In upcoming debate, former Calvinist brings 'provisionism' to clash with skillful White

In upcoming debate, former Calvinist brings 'provisionism' to clash with skillful White

In upcoming debate, former Calvinist brings 'provisionism' to clash with skillful White

Leighton Flowers says he wants a debate without the hate.

Flowers, a former Calvinist, is set to debate that theological topic with Dr. James White, a well-known leader in the Reformed movement, in a March 7 face-off.

The debate is part of the "First Word Debate Series," an ongoing series sponsored by First Lutheran Church in Houston, Texas. 

Flowers is currently director of evangelism and apologetics for Texas Baptists. He is also founder of Soteriology 101. That ministry, which is critical of Calvinism, is dedicated to defending what is known as "Provisionism," a more updated description for Arminiaism. 

White is an author and director of apologetics ministry Alpha and Omega Ministries.

Flowers, Leighton Flowers

With nearly 200 debates behind him, White is no stranger to the debate stage and discussing hot-button topics. At First Lutheran, he debated Roman Catholic thinker Trent Horn in back-to-back debates last month. 

The debate will be livestreamed at FLHouston.org.

A branch of Protestantism that focuses on the teachings of John Calvin and other preachers of the Reformation Era, Calvinists broke from the Roman Catholic Church in the 1500s, their primary differences centering on Calvin’s beliefs of predestination and election of salvation.

Often the five points of Calvinism are explained with the acronym TULIP: Total Depravity, Unconditional Election, Limited Atonement, Irresistible Grace, Perseverance of the Saints.

Flowers no longer embraces the belief that God offers salvation to some but not all. He and White consider, among other things, John 6:44 when Jesus said, “No one can come to me unless the Father who sent me draws them, and I will raise them up on the last day.”

First Lutheran's description of the March 7 debate says Flowers and White will examine and debate the Book of John, especially that verse. 

“John chapter six is not uniquely supporting Calvinistic theology," Flowers recently told American Family Radio. "Though, if you assume Calvinism is true, then it does sound like John 6 teaches Calvinism just like it sounds like Romans 9 is teaching Calvinism if you come in with certain presuppositions already established in your mind."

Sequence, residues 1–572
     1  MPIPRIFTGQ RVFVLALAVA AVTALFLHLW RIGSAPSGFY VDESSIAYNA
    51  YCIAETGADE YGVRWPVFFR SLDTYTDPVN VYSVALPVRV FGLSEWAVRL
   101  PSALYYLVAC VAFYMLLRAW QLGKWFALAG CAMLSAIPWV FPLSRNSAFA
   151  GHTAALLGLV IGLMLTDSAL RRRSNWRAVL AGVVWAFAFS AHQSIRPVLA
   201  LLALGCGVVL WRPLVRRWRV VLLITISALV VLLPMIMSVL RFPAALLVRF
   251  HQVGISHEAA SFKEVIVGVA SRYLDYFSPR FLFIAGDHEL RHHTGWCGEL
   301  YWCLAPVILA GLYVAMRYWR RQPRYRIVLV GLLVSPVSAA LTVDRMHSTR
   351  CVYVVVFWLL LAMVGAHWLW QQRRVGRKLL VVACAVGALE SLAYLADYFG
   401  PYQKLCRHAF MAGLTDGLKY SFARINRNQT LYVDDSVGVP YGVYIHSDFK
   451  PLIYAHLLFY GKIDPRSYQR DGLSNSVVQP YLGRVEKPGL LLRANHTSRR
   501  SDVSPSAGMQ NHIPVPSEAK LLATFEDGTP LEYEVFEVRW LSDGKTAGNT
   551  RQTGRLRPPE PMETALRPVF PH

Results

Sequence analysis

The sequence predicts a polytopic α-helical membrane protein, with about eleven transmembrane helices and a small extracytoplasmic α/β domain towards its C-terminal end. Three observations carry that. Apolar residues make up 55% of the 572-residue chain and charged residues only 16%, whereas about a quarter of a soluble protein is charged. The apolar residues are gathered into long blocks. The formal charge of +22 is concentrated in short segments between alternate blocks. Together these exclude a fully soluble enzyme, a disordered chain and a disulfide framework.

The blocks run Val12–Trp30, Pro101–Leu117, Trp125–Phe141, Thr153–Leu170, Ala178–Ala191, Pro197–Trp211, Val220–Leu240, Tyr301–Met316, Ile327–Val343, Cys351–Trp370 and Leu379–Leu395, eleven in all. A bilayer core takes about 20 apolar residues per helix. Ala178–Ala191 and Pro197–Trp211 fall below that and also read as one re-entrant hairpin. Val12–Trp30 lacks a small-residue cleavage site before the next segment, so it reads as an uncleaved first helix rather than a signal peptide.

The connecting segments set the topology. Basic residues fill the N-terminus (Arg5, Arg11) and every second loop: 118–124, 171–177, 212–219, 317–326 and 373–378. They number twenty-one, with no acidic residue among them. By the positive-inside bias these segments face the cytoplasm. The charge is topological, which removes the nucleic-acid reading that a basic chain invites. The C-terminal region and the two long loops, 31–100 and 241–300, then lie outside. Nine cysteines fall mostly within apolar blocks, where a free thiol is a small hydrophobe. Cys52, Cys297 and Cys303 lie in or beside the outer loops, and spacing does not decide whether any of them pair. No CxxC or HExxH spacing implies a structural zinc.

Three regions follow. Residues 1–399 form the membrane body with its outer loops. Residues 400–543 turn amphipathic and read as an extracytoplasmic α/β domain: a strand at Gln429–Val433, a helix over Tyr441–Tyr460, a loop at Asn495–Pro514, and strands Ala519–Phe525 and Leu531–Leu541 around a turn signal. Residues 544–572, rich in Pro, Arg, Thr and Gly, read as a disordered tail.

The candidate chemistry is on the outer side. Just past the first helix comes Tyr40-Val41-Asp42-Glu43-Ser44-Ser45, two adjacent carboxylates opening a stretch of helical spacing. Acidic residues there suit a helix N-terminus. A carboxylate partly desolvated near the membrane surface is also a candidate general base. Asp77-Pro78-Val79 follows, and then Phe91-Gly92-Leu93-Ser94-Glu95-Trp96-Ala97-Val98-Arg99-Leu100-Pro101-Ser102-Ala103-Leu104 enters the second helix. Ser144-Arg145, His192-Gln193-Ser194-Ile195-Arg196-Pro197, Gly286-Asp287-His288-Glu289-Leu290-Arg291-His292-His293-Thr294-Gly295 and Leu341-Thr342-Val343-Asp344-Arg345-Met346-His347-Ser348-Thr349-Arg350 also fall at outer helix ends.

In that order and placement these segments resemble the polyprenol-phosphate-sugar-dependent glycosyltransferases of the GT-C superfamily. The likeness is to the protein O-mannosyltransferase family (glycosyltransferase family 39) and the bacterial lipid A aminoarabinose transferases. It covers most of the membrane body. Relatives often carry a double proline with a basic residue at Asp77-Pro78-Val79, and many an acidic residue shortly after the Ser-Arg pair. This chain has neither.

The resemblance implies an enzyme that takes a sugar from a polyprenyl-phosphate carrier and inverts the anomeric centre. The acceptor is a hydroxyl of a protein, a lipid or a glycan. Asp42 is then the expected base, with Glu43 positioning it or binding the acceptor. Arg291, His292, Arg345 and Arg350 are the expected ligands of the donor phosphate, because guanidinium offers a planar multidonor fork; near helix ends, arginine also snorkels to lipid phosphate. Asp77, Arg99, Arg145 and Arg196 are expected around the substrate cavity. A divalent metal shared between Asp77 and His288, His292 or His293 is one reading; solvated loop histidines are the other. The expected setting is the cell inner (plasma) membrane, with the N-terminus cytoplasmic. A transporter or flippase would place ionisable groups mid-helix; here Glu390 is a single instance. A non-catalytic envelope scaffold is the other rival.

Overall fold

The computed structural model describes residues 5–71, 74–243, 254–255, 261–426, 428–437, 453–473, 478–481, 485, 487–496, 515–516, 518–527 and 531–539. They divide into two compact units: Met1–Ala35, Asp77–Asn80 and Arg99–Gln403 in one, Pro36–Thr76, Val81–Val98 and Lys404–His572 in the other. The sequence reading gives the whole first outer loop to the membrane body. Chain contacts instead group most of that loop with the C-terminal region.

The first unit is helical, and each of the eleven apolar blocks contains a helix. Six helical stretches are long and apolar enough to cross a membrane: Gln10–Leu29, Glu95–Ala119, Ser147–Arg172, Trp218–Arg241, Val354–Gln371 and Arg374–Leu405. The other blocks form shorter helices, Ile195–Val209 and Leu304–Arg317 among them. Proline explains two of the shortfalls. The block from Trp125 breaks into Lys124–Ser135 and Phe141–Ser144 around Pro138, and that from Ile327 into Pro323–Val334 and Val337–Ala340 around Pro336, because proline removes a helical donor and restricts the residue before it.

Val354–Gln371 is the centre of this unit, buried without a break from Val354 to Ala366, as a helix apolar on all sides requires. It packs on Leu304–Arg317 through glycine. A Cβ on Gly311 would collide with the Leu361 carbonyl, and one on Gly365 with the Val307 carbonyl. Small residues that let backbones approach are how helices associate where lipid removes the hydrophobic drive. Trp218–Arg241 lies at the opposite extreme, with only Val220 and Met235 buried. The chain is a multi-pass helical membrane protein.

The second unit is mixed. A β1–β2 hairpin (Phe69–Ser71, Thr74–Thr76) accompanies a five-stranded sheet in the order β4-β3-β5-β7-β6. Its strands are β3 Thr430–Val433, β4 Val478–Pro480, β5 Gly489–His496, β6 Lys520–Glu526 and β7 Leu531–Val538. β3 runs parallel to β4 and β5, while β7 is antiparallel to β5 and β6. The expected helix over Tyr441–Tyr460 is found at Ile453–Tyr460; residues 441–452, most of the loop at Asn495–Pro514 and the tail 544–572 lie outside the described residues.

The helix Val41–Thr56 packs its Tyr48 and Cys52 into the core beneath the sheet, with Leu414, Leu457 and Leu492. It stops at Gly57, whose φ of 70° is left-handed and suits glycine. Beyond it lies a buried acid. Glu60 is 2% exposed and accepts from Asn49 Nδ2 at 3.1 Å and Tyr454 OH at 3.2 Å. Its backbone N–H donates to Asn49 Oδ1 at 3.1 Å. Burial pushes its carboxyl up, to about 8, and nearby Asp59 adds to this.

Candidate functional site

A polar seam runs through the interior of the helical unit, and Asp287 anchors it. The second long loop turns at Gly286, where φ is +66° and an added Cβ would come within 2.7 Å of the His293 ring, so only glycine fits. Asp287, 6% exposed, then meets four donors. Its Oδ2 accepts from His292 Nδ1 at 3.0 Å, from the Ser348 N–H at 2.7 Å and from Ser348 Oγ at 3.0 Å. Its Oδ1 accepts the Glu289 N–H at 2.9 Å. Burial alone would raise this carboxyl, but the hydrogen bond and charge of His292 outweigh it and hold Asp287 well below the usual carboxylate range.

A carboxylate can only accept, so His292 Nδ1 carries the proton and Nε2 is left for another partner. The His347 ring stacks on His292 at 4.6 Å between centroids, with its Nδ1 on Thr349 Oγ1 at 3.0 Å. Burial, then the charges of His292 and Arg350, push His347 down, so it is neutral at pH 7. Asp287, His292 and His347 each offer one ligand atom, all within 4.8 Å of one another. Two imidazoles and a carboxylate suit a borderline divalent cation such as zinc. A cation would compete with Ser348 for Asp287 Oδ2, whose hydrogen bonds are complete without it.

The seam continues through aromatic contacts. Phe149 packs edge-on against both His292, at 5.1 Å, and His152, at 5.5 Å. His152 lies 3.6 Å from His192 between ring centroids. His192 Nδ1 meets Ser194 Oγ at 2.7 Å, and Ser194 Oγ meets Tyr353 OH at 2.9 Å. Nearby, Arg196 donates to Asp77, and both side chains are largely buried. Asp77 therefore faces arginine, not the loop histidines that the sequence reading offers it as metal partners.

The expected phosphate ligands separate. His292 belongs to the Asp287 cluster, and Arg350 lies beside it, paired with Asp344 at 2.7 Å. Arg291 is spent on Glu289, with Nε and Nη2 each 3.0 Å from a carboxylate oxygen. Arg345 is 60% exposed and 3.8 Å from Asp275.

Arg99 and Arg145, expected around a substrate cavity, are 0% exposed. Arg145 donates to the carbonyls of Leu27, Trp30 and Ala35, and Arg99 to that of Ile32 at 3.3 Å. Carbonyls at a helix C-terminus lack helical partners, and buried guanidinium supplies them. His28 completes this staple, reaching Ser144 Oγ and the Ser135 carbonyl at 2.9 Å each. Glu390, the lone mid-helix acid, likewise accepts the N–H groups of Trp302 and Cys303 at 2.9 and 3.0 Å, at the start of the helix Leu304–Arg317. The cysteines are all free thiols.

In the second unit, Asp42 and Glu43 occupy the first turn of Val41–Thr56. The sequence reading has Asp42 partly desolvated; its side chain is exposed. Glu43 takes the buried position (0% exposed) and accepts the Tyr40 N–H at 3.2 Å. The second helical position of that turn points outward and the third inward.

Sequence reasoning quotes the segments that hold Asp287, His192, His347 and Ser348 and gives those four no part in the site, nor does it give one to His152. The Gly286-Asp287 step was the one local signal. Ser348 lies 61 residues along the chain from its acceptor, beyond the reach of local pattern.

Flowers calls that "confirmation bias," an accusation White will undoubtedly will push back on later this week.

'I don't believe that's tenable'

One of Flowers’ primary arguments against Calvinism is that the belief that everything happens by God’s decree – without a believer’s free will – necessitates that God has decreed that some believers will wrongly interpret his holy Word.

“He ultimately determines everything, which by necessity would mean that he even decrees for his own children to misinterpret the scripture because if I’m wrong, and I’m misinterpreting John 6:44 on Calvinism, I’m doing that because that’s what God decreed for me to do," Flowers argues. "I don’t believe that’s tenable. I don’t know how you defend that kind of worldview to say that God would decree some of His own children to misinterpret the Bible and other of His children He decrees for them to interpret it rightly."

White, James White

In a world where Christian views are often misrepresented – such as "Christian nationalists" as an election year talking point – or worse, outright attacked, it’s important that Christians not shrink from debate...even when that debate is internal.

The political climate can make believers prefer safety in numbers and perhaps make them less likely to engage in conversations with the potential to divide them.

“Throughout church history there have been diverging opinions," Flowers pointed out. "Even among Peter and Paul there were diverging opinions, and they would have public discussions about these things."

Flowers dismisses the criticism theological debates are "divisive" and are the reason people leave a church. 

"The church used to be the place where you kind of gather at the city gates," he observed. "The politics, the laws and all the things came through by the church. There are some downsides to those kinds of things as well. The point is the church can be the leader in politics, the leader in law, the leader in speaking out."

AFN reached White's Alpha and Omega ministry, which declined to comment for this story.